Nominal Religion: Extremism is Nothing New


As a visitor on The Today Show, the violinist Isaac Stern spoke about his good friend, Irving Berlin shortly after Berlin passed away. Talking about the songwriter’s philosophy of life, Stern described it as simplistic, comprised of three existential phrases: life and death, loneliness and love, hope and defeat. At first glance, we might see two opposite lives, best described as either savory or bitter. One or the other. However, our lives are complex and filled with conflicting experiences, emotions, and uncertainty. So I question Stern’s assessment of Berlin’s supposed outlook on life. Perceptions about life—our own or another’s—depend greatly on our view of ourselves, culture and its changes, the world, and subsequent consequences.

From the moment we are born, we snuggle into our mother’s breast as she feeds us. Feeling the warmth and comfort of human connection, we want it to last forever. However, once we reach adulthood, life can be either satisfying or a mundane existence for some, while others long for more than the world can give. Our everyday existence has periods of loneliness and defeat, no matter who we are. Illness, divorce, loss of a loved one, financial stress, and distrust of the government take their toll. Nevertheless, and in spite of what we may think—these hardships are nothing new.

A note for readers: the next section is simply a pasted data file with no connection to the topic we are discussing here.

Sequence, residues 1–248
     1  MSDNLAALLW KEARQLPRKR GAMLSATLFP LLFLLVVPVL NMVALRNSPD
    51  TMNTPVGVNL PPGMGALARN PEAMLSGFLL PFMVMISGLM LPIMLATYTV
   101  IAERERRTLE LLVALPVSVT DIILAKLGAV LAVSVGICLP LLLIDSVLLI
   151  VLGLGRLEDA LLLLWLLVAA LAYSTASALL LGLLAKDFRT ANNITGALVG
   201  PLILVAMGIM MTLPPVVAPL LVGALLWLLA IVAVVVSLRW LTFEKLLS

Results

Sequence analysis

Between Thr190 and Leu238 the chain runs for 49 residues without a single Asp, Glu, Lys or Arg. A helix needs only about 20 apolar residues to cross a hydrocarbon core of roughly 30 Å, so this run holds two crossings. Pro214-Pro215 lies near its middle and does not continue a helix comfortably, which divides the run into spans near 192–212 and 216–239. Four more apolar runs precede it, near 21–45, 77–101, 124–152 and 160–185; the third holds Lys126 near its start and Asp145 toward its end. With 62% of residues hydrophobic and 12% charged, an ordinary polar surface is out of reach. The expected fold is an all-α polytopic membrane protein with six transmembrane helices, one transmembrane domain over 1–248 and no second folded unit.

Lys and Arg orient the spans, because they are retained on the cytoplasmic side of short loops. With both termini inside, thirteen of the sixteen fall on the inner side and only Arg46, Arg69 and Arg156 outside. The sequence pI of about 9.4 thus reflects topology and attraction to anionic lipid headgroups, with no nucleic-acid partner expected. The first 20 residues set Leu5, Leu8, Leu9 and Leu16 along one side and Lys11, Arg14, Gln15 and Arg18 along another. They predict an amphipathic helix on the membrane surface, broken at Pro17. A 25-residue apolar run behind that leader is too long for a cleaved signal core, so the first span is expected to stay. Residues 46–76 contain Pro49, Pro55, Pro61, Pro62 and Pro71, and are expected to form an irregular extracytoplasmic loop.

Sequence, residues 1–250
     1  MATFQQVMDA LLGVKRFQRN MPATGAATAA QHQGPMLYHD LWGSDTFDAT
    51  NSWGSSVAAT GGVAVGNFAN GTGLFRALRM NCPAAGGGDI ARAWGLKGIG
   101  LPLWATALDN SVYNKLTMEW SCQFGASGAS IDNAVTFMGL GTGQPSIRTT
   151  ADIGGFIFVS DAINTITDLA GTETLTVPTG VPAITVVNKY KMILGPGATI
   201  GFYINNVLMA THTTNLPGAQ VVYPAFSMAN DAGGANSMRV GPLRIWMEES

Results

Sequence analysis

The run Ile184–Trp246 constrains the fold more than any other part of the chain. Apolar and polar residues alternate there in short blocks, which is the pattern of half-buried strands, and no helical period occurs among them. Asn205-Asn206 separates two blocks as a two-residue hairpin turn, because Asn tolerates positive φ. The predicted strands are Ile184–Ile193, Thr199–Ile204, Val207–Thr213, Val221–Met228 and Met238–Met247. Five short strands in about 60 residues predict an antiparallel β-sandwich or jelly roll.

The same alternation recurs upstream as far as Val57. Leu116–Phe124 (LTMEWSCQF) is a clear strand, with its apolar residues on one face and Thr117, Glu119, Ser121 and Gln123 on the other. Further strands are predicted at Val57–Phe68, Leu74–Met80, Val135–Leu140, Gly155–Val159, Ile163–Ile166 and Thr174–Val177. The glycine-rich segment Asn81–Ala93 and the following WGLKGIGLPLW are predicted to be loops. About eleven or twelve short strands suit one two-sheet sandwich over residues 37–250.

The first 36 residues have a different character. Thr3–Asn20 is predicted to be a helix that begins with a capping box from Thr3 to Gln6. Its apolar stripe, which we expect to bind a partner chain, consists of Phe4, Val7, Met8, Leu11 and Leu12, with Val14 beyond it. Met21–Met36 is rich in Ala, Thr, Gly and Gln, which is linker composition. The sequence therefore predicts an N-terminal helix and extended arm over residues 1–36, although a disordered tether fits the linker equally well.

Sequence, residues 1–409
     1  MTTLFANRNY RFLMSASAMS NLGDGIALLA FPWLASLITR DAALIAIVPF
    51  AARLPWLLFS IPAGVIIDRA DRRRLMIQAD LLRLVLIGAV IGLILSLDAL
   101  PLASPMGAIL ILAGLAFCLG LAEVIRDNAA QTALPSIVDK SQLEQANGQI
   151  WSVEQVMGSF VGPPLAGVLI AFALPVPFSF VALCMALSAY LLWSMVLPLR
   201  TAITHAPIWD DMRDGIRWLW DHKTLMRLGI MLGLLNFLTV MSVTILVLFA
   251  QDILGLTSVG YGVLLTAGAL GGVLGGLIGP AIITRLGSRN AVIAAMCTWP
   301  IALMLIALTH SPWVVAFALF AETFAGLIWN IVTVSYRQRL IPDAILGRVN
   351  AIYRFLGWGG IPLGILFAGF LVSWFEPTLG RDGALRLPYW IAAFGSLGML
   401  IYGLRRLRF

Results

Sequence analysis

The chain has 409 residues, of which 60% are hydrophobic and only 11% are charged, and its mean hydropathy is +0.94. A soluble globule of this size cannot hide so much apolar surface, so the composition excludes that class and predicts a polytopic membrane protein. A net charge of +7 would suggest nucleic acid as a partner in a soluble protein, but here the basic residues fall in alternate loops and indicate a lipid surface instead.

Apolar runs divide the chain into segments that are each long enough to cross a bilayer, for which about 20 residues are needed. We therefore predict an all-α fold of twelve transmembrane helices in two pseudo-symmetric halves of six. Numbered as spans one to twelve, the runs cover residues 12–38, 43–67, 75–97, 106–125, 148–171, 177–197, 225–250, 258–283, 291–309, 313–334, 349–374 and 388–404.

In some ways, the events in the evolution of Christianity, such as violence, tyranny, and ignorance to the teachings of Christ are similar to today’s woes. In ancient times, extremism over differing opinions about interpretations of the Bible brought chaos into a graceless society. Furthermore, there were times when Christian scholars’ suffered from ridicule, and in some cases, lost their lives. So as we look at the disconnect between nominal religion and authentic faith, let’s not forget what we’ve learned about Christian history, ourselves, human nature, and the world around us.

Until next time…


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